My husband is responsible for teaching medical students and residents on how to be emergency medicine doctors.  Reading our stories of life on the franch, you may be thinking of how you want to know which ER he’s at with plans to avoid it.  But, he’s actually really, really good at keeping people alive!!  So, these students of his know a lot about how to save your life and also a lot about our life on the franch – some like to hear the stories and those who don’t certainly act like they do because, you know, there’s a written evaluation at the end of every shift.  Recently, a resident emailed my husband & asked for a franch update to be published in their upcoming residency newsletter.   I don’t know that my husband has ever responded to an email from a resident so quickly.  He was so honored.  And, this is what he wrote,

“Howdy.  I appreciate being able to give an unforced update about the franch.  Usually I force people to listen while I tell them about the franch.  So, the cows are bred and growing their babies well.  However, my daughter realized one of the cows isn’t ours.  When we took them up to a ranch with a bull, we got the wrong one back.  My daughter feeds them and has quite the attention to detail and figured out the one black and white one looks much different from the other black and white one.  The goat is milking.  She still limps a bit from the leg injury/sepsis thing, but the milk tastes good.  I’m trying to get back into the cheese thing, but the lousy goat baby keeps drinking all my milk.  The blind goat is now living large in Houston.  He sure made out pretty well.  Pretty lucky to be born blind, or he’d be at market a long time ago.  Instead he lives as a mascot, wearing funny hats at a vet’s office and goes by the name Capt. Jack (see attached image).  And don’t believe the lie that sheep eat quietly and serenely in a pasture.  We got this one loud sheep that is so loud I can’t hardly take it anymore.  I just wasted a thousand dollars on hay.  I bought the hay because the stuff looks really good.  Well, the cows won’t eat it.  Everyday, I spend time trying to trick the cows into eating this hay.  I put it in different feeders.  I mix grain/other hay into it.  I yell at the cows over and over to eat it.  These bales are huge round bales, so there’s a real problem of what to do with this stuff.  If anyone wants some really cheap hay, now is the time to offer me a really cheap price.  And that’s all there is to know about life on the franch.”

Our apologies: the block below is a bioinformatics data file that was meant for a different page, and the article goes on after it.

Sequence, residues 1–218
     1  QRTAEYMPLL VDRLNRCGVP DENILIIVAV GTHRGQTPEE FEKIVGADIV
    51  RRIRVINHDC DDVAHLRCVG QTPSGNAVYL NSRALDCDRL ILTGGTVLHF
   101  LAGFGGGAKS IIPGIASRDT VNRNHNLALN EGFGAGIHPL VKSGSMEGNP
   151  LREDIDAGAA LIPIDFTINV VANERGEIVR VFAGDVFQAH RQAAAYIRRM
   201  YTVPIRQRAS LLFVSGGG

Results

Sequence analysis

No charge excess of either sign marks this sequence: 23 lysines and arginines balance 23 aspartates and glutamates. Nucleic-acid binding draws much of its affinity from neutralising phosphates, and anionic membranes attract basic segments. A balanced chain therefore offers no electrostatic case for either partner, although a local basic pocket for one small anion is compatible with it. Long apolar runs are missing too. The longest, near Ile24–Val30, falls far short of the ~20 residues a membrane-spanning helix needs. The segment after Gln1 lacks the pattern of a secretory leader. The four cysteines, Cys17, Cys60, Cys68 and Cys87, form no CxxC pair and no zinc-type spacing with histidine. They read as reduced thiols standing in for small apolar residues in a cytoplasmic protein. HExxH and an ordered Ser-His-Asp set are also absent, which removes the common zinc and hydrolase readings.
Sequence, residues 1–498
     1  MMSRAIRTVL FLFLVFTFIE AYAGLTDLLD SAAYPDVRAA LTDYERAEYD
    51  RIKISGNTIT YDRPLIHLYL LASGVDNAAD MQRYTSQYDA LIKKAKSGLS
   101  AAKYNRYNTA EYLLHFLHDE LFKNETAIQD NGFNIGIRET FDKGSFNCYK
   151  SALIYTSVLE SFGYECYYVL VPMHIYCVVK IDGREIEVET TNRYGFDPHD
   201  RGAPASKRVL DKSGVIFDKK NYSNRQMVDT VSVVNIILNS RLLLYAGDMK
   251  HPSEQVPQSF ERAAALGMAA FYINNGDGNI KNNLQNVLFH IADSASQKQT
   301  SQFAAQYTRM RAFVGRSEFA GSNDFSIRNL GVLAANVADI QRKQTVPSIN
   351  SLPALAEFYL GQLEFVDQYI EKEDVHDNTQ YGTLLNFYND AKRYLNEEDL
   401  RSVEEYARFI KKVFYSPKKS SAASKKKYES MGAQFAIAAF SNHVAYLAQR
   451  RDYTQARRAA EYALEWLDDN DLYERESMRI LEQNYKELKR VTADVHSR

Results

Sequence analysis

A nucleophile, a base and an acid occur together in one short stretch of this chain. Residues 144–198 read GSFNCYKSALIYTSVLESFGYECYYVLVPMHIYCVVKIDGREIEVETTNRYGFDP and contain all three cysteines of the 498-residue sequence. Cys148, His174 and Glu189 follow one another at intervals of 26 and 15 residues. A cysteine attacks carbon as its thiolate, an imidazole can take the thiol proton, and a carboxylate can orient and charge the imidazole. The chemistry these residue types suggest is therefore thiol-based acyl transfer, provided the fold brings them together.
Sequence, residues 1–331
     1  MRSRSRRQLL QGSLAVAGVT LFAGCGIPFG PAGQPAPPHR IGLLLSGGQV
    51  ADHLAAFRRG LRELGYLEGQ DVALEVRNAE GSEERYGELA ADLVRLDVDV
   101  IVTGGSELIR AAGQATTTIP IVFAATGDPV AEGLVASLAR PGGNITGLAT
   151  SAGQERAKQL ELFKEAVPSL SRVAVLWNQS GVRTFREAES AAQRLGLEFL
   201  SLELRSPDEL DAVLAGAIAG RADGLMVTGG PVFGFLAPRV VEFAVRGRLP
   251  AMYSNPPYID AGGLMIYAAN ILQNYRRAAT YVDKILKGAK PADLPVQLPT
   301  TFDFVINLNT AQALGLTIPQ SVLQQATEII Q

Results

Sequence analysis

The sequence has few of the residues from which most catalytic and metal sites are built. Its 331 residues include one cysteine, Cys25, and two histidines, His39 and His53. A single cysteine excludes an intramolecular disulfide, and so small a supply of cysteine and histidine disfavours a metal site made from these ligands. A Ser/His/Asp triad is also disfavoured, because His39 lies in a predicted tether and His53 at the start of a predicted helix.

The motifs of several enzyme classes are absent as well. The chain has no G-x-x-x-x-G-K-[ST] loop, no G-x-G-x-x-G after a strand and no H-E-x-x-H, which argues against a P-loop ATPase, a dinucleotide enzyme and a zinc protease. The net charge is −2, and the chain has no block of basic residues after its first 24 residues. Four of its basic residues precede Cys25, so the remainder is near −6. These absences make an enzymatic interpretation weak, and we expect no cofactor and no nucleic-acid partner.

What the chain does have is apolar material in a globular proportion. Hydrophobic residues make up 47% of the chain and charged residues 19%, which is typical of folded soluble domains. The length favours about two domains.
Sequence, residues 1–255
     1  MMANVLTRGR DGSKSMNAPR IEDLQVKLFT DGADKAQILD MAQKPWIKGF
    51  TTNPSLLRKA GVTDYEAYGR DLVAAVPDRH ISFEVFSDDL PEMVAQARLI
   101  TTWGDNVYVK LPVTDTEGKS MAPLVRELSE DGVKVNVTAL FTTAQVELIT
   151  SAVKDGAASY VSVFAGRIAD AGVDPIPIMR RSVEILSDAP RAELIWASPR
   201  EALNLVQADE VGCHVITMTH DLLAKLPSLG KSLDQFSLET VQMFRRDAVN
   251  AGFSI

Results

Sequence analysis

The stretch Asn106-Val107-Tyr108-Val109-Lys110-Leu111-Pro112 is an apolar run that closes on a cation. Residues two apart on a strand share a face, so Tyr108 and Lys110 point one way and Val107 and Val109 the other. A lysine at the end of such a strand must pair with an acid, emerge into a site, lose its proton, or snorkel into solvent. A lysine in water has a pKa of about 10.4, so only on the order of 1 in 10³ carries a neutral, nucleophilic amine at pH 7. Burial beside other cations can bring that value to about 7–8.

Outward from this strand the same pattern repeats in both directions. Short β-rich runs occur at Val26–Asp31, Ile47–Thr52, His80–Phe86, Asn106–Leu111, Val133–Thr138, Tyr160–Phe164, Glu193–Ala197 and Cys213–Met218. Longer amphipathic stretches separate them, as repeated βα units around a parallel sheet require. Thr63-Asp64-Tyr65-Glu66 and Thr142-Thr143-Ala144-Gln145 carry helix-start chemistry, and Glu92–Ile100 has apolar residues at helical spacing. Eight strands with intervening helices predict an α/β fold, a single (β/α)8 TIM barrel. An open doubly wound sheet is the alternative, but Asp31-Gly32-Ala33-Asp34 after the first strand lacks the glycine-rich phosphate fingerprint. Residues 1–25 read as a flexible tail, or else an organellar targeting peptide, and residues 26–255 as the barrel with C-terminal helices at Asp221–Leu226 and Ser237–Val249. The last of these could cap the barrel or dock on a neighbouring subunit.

The resident responded, “I was actually only looking for one, maybe two, sentences.”

Captain Jack, the blind goat

Captain Jack

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